Big Sky Community Food Bank changes and grows
Upcoming expansion and fall programs at work
In a typical year the Big Sky Community Food Bank (BSCFB) serves about 700 people and is only open two days a week. Seasonal folks, during financial emergencies, have often turned to the resource. When the pandemic started, things changed. The BSCFB decided—with the support of funding from Resort Tax and other community foundations—to triple its services overnight. Sarah Gaither Bivins, the operations manager and services navigator, jumped from 20 hours a week to 40. She hired two assistants and doubled BSCFB’s open hours from two days to four days a week.
The customers have also changed. “Before covid we saw the majority of customers were seasonal workers. A lot of times single people who are here for a winter season or who had come back several seasons in a row. Or when they had a medical emergency or vehicle breakdown,” said Gaither Bivins. “Since covid we are seeing a lot more families. People who never thought they would need a food bank... All of my customers are employed. The families I am seeing now are struggling to make ends meet on a month-tomonth basis with housing costs and in some cases, wages have not followed suit. The changing demographic is moving into families who have lived in Big Sky,” Gaither Bivins explained.
As a result of these changes and growing needs of the community, the BSCFB plans to expand in the near future. They will offer more services, more space. They will have a computer lab, washer, and dryer. Gaither Bivins hopes to incorporate these additions, in the exact same space, by the start of this upcoming ski season. Ideally the public will have access to them by early November 2021.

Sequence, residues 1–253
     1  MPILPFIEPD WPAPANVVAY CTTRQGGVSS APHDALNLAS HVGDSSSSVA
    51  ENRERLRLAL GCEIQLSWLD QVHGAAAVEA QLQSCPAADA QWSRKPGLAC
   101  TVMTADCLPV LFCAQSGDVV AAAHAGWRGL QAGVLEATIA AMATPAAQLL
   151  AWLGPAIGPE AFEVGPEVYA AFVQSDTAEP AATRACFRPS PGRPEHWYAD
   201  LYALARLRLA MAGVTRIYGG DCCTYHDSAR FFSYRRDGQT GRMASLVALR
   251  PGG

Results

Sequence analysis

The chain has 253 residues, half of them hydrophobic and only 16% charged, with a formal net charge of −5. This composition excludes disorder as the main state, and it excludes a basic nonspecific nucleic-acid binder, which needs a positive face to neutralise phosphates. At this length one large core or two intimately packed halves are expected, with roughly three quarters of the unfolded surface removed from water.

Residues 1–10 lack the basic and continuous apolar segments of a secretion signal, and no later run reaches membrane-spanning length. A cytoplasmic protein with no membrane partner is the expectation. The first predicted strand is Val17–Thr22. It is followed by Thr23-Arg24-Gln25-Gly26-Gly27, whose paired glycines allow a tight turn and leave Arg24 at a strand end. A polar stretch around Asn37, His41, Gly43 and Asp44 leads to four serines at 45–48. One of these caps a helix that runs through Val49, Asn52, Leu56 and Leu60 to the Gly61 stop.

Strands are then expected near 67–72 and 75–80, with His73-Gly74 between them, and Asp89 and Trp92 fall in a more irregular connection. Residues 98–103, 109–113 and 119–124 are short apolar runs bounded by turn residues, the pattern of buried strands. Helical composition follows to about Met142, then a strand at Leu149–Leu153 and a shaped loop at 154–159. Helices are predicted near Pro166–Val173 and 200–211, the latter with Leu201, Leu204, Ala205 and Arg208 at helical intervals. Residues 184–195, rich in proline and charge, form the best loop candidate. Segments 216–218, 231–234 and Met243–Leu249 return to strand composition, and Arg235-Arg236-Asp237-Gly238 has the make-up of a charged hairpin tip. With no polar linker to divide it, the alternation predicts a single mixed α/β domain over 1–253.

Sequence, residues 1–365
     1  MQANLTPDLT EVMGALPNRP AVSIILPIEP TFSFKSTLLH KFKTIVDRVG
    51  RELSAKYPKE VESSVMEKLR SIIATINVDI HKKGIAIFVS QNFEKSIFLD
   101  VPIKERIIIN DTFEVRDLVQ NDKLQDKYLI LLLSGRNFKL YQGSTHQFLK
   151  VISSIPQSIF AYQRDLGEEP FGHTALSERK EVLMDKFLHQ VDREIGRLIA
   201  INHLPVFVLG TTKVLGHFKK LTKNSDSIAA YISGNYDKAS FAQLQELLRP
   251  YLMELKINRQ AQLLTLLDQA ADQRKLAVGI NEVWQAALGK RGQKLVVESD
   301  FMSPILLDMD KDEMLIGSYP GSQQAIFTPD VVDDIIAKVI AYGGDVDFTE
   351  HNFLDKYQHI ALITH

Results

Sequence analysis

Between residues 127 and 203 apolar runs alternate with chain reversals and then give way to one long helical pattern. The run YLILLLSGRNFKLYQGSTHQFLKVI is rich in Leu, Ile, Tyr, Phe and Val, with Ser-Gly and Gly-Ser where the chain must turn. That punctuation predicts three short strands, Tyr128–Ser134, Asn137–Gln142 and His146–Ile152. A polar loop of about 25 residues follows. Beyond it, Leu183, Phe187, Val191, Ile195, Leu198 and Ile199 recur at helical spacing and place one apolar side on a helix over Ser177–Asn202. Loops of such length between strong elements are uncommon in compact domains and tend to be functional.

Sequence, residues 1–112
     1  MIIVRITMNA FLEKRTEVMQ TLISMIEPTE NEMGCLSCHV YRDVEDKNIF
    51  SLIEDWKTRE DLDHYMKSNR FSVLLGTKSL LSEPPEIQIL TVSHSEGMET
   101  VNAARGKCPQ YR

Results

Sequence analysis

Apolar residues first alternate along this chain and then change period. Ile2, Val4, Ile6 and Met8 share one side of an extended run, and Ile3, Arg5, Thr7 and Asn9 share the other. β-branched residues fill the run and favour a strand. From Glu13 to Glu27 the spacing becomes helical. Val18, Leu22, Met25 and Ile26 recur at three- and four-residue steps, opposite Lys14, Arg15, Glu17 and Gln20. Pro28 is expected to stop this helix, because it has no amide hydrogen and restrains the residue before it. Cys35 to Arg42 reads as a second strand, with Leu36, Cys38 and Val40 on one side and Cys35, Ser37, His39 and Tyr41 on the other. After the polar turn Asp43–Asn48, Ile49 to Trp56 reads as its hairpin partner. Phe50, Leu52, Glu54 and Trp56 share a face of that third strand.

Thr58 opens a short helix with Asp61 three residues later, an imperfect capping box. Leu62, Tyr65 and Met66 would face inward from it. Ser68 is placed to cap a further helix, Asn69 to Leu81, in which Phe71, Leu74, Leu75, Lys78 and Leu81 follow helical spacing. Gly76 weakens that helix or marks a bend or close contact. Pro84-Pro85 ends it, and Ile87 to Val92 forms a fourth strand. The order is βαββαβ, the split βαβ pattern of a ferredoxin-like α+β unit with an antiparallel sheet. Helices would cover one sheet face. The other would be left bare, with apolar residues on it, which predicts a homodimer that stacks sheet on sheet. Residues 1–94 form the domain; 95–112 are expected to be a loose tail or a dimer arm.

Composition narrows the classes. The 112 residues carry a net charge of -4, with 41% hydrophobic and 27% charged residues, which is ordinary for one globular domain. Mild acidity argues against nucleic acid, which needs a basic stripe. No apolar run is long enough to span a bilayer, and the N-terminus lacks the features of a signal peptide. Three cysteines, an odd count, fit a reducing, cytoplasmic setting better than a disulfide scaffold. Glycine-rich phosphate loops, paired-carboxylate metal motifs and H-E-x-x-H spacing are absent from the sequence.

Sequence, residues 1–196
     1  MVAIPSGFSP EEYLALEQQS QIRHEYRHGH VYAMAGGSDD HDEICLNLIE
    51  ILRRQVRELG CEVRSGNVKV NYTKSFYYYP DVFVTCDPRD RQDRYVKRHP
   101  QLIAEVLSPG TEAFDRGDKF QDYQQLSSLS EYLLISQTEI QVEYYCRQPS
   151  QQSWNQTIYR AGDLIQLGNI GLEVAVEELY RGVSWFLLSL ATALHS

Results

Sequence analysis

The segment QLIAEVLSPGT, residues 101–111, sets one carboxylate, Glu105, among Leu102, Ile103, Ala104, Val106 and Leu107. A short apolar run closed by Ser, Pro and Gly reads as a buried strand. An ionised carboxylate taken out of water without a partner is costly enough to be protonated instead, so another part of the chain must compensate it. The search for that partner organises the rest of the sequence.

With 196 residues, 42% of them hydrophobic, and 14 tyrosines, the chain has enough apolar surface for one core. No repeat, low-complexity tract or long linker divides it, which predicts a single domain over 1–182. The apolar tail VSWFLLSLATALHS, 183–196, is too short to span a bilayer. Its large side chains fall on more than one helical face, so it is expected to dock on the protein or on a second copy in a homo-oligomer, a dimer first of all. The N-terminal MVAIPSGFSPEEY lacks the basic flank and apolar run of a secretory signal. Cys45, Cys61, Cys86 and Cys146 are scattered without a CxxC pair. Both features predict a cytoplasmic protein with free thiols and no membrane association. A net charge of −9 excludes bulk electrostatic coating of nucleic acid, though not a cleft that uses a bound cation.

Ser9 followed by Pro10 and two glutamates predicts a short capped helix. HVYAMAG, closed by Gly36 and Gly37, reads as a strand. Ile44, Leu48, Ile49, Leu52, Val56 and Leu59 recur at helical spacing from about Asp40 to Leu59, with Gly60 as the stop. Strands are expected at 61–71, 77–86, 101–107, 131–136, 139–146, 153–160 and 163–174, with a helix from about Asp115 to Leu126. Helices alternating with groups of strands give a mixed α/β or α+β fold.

Events coming up for the BSCFB include the Great Pumpkin Giveaway on Oct. 23 and their annual Thanksgiving in a Bag food drive. Signups for volunteering are available online at the “Volunteer Big Sky” website. The BSCFB is currently looking for folks who want to lend a hand.
Other programs going on behind the scenes for BSCFB currently involve kiddo nutrition. The first provides snacks, kind of like a food pantry, for Big Sky Community Organization’s (BSCO) after school program. They hope to get another snack pantry up and running at Discovery Academy soon. The second program providing food for kids is part of a national campaign called Kids Pack. This provides pre-packed meals for youth over the weekend. BSCFB is currently implementing this weekend program for the Big Sky School District and Discovery Academy.
With the year quickly coming to an end and significant changes on the horizon for BSCFB, Gaither Bivins has been reflecting on the idea of security, “I was able to make all these decisions when covid hit to expand, to add hours, because I knew I had the security of the funding that I knew would come in. I knew Resort Tax would be there for me. I knew the community foundations would be there for me. For so many of our families in Big Sky they absolutely don’t have a security net. They don’t have a savings. They sometimes don’t have a job guaranteed from one season to the next. They certainly don’t have security in housing. It’s really hard to make decisions when you are insecure about where you want to go in life. There’s a population in Big Sky who probably have never felt insecure in their entire life.”